I don't have that much to say about this great album. It's important to point out what can be expected. This is by no means prog folk (like Jethro). This is guitar oriented fusion with 40% jazz, 40% flamenco and 20% symphonic/melodic prog influences. Yeah, this ain't a standard for the progressive genre, but it might be very very appealing for people interested in the Prog Andaluz genre and those who are intro fusion will find something truly amazing. The album is fully instrumental. One letdown is the fact that this album only spins for 30 minutes, which is very short for today's standards. I myself find this to be acceptable; halve an hour of instrumental fusion is enough for me.

The main person of the band Vega is the master guitar player Thomas Vega. His expertise, style and technique are a virtue throughout the album. He also wrote four of the six pieces on the album. He plays electric, acoustic and flamenco guitars. The others members of the band are also very professional. The drums are jazzy and the bass is nice, except for the first two tracks which give me the feeling the bass is slight bit out of pitch.

Vega's compositions are based on very nice harmonic ideas and professional fusion concepts with some warm string arrangements. The only thing that isn't that good about the tracks is the lack of development during the tracks or the album as a whole. Every song is a track on it's own and has a lot of melodies, but there's never a very good way to end the songs.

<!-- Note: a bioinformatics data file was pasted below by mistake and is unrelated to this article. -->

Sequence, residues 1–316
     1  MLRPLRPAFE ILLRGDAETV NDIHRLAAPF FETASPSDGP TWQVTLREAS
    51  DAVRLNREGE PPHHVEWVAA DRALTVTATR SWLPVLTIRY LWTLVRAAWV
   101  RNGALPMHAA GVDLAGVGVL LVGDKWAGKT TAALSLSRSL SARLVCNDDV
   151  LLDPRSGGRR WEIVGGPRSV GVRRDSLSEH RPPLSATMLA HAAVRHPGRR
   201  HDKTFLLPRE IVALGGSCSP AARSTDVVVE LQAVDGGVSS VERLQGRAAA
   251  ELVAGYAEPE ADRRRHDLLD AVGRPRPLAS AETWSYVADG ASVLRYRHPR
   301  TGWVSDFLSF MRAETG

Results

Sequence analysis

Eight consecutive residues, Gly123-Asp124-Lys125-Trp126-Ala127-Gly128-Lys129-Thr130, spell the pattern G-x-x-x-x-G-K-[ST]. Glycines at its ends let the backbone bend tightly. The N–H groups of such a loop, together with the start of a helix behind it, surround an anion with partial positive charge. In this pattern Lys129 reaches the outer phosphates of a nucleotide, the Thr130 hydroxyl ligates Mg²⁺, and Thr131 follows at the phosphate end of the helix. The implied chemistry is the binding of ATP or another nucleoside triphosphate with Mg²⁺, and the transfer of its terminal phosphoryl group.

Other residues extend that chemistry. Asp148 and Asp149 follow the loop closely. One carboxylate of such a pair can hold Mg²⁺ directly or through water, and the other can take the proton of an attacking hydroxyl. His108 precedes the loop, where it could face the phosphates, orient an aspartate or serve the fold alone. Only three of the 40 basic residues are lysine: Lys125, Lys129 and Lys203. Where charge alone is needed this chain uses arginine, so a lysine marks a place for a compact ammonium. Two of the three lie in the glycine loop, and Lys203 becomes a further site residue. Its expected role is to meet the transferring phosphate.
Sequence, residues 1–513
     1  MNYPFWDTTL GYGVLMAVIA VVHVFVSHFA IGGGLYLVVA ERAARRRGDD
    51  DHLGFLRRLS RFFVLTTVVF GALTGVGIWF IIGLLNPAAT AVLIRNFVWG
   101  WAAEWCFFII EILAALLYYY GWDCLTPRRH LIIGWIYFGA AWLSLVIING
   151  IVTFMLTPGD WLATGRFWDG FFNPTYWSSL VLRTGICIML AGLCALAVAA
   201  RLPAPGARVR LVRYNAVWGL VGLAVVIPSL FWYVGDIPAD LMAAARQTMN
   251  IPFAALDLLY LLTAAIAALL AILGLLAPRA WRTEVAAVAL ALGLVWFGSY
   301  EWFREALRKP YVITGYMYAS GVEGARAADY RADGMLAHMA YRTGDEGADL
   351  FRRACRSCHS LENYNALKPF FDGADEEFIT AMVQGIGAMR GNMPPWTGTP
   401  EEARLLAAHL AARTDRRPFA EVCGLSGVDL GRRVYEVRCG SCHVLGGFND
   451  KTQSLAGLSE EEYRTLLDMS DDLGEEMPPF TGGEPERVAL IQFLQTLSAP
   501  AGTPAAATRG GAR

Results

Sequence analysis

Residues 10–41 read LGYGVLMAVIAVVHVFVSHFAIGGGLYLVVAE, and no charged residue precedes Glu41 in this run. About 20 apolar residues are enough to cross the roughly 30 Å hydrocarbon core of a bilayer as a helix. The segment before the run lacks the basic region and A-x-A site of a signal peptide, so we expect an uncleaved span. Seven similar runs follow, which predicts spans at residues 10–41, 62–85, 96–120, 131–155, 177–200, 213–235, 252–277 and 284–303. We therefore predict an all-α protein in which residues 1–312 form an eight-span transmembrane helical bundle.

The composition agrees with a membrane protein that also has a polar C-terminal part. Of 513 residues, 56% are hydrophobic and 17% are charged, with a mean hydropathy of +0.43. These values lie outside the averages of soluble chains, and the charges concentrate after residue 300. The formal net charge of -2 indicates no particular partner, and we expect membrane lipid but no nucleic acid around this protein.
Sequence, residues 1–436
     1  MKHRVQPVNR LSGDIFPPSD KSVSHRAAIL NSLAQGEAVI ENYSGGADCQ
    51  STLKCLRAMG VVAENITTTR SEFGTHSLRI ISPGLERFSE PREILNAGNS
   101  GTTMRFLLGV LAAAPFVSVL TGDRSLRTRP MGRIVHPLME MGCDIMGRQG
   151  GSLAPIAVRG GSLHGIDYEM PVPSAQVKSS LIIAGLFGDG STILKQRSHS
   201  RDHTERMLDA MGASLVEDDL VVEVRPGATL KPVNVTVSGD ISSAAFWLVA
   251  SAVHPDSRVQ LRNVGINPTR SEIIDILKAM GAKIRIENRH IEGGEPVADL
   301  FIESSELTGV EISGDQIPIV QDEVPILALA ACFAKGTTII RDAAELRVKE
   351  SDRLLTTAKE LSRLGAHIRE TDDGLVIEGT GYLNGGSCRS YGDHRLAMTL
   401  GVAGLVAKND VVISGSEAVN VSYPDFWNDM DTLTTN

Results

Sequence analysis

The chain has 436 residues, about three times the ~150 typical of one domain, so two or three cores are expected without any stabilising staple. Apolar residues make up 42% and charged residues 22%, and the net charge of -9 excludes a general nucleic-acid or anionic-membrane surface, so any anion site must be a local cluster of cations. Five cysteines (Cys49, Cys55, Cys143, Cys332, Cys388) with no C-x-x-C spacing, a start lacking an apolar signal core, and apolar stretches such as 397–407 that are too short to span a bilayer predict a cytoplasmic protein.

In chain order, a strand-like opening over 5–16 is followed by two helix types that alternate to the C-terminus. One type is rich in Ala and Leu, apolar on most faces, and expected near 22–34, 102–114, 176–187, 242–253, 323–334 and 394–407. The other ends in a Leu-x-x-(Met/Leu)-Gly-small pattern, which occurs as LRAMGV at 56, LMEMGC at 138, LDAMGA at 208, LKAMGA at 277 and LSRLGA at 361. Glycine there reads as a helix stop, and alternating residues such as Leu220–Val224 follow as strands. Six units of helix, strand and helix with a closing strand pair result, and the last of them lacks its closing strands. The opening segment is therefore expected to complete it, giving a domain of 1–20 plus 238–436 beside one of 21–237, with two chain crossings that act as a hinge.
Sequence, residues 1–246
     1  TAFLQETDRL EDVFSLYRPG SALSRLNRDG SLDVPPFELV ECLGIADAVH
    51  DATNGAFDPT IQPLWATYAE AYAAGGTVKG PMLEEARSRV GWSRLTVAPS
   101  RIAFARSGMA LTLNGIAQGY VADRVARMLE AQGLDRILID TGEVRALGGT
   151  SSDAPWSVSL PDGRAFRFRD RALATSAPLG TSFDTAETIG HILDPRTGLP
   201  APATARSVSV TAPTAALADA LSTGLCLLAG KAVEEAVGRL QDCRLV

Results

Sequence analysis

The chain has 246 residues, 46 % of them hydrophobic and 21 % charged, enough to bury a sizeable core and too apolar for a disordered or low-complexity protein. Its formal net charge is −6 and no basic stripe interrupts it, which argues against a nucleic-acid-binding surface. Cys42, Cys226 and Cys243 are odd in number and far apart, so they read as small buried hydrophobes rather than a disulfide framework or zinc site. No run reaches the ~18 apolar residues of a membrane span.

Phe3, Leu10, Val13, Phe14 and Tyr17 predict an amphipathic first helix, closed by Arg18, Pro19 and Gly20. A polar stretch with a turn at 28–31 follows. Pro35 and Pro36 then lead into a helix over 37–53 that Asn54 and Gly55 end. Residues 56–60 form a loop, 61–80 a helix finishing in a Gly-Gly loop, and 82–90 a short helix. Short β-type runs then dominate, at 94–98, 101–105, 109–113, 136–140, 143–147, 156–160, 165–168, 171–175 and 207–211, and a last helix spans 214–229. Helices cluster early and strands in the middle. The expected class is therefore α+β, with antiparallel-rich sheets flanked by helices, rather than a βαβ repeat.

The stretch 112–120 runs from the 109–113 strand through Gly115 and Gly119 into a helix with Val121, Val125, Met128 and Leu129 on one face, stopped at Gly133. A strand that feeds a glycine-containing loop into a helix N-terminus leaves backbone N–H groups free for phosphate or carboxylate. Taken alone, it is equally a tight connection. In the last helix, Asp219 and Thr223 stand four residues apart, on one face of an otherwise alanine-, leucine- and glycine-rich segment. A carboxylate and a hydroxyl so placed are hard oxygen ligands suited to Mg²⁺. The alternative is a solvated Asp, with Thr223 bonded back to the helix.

Conclusion. Are you interested in the genre's mentioned in this review? This might be one of these gem's you weren't looking for yet. This is not per se a great addition to any prog rock collection, but a lot of PA members will find a great fusion album with great flamenco influences. Especially people interested in Al di Meola should listen to this! The great ethnic additions raise this album to a 3.7 rating to be precise. A 40 minute album with some developmental tracks would have made this a masterpiece of jazz rock. A small four stars for now.

Last words.. It turned out to be I had enough to say about this great album...

Report this review (#270998)
Posted Wednesday, March 10, 2010 | Review Permalink
4 stars Another Spanish band that made a Progressive albun with Flamenco music in same vein of Mezquita. For those that like Spanish music because the guitar work is amazing, this is an album in Progressive local Folk context. We can listen some great guitar moments, with fast scales and the other instruments accompanying effectively all the music parts. This is a important music moment in Spain in seventies decade, when young people like music with a fusion of traditional and modern music. The modern parts is made by bass guitar and drums with very good muisc parts. A very good album and not boring just some progressive Folk bands. I like and i give 4 stars.
Report this review (#917809)
Posted Friday, February 22, 2013 | Review Permalink
4 stars Excelent Andalusian prog-folk. 4.1

I personaly like this genre of prog, but dispite that I would grade this album with a strong four. Really excellent guitar work and harmony of the musicians. I would like not to say much because it has its one thing going, this album. Important thing to say about it is that it seems to be a nice concept album which has short boundaries allowing you to enjoy in it.

For those of you who never heard that kind of merge between Paco de Lucia and M. Orchestra it could be utterly significant for your prog rock career. Maybe :)


Report this review (#1201167)
Posted Monday, June 30, 2014 | Review Permalink
siLLy puPPy
PSIKE, JR/F/Canterbury & Eclectic Teams